I should have started writing it in November. I should have taken afternoons in the last six weeks to work on it a little bit at a time. Now there are three days left in the year and it's not done. I wanted to finish the essay in 2019 because it's the last essay of the book I've been working on for three years or so, and I want to submit the finished book to a contest that closes on January 31, 2020. I don't really know if I have a manuscript, and I won't know until I finish this essay and put all ten of the essays together. I should have finished the essay in November or mid-December so I could have assembled the manuscript already rather than worrying about getting it done in January.

But I didn't do any of that.

Today I started it, and the problem is the same as it was in November, if not worse: I have so much to say that I don't know how to say it all. I'm likely going to write and then cut a bunch of the draft, which is something I rarely do, but at this distance I'm having trouble distinguishing what's necessary and what interests only me.

I'm also presently reading for two book prizes. One has a deadline in early January, and just this morning I finished enough of the field to feel confident about voting for the choice I wanted to vote for all along. With one exception, the rest of the books in the field are truly wonderful, but my choice is a Mozart book in a field of Salieris. Sorry, everybody else. I really liked your books. The other prize has a deadline in February, and I'm a little less secure about whether I can finish the field in time (bigger field, longer books, I've read fewer of them).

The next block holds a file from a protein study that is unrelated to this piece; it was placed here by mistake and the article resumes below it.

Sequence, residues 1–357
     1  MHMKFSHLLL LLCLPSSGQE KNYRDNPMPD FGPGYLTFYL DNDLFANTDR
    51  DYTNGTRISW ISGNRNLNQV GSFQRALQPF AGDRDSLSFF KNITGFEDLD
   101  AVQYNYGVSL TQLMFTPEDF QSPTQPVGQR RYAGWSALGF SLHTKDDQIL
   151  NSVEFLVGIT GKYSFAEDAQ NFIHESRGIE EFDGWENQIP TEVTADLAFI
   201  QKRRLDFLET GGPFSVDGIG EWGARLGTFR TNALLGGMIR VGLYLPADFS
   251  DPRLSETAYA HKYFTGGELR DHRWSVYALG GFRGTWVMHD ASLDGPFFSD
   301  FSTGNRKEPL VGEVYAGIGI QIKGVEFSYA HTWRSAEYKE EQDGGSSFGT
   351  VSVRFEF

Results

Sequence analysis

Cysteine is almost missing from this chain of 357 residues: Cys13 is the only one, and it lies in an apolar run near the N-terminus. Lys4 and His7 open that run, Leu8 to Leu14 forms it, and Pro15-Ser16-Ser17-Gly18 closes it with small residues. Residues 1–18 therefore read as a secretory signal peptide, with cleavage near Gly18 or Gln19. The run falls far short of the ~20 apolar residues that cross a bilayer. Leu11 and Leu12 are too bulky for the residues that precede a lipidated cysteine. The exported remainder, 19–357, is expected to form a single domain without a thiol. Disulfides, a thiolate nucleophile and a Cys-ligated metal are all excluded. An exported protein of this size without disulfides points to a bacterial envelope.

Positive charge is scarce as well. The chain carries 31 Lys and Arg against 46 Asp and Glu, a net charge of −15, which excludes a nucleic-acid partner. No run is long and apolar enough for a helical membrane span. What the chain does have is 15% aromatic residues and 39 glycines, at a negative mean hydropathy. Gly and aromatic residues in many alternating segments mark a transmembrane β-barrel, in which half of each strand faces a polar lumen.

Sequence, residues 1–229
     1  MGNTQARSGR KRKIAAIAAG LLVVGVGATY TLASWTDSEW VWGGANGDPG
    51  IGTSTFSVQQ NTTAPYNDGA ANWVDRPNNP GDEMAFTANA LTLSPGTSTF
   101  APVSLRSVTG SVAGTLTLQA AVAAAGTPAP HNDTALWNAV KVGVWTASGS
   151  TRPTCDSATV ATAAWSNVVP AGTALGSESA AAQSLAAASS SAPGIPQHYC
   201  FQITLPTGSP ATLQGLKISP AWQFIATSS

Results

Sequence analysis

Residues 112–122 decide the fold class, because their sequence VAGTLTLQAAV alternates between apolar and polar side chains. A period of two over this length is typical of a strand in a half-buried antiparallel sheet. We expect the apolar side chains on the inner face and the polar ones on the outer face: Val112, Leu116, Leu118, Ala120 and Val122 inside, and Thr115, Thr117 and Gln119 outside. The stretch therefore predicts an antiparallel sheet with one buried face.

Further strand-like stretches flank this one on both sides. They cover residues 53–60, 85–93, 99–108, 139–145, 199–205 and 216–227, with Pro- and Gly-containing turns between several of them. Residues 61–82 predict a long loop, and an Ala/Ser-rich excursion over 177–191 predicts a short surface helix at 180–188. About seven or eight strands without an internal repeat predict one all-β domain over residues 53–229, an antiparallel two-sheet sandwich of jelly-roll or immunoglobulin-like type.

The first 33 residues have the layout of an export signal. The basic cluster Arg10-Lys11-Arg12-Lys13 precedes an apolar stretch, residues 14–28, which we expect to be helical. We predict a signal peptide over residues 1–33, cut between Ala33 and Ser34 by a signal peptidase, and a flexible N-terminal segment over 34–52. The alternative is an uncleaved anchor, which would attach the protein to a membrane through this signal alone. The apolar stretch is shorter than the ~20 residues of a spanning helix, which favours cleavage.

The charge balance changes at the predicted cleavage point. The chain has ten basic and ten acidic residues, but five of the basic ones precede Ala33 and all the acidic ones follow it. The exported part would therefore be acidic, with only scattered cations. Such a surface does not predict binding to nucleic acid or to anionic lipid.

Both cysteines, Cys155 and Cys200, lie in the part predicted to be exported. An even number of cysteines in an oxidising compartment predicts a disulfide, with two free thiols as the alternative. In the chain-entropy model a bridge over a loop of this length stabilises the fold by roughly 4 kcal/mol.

My job has gotten easier both physically and emotionally. My body is recovering better all the time, and I'm starting to be more comfortable with the people and horses at the stable. Getting up stupidly early is working out better than I thought it would. I get up around 5 and spend half an hour settling in to my awake self: eating breakfast, drinking tea, reading Carolyn Hax, maybe doing a tiny bit of correspondence. I need that time to be human, and having it built in to my morning is great, even if it does mean I go to bed around 8:30 PM.

Planning for the Ceremonials launch and tour is going well. I'm done with booking all my travel and lodging and I'm finishing up gathering guests for my readings. I've had postcards made and am spreading them around, I've got plans for window posters for bookstores and little gifts for people who ask questions at readings, and other kinds of promotion are cooking along. I keep buying things for greater convenience while I'm traveling (a special heated brush for my bangs, a warm coat I can compress into a tiny ball) in the hope that I'll somehow be prepared for the tour experience, but underneath I realize this is just throwing capitalism in the direction of anxiety. Some things are worthy - I bought a rolling crate that I can check as baggage to carry my stock of Ceremonials, rather than lugging a cardboard box - but are packing cubes really necessary?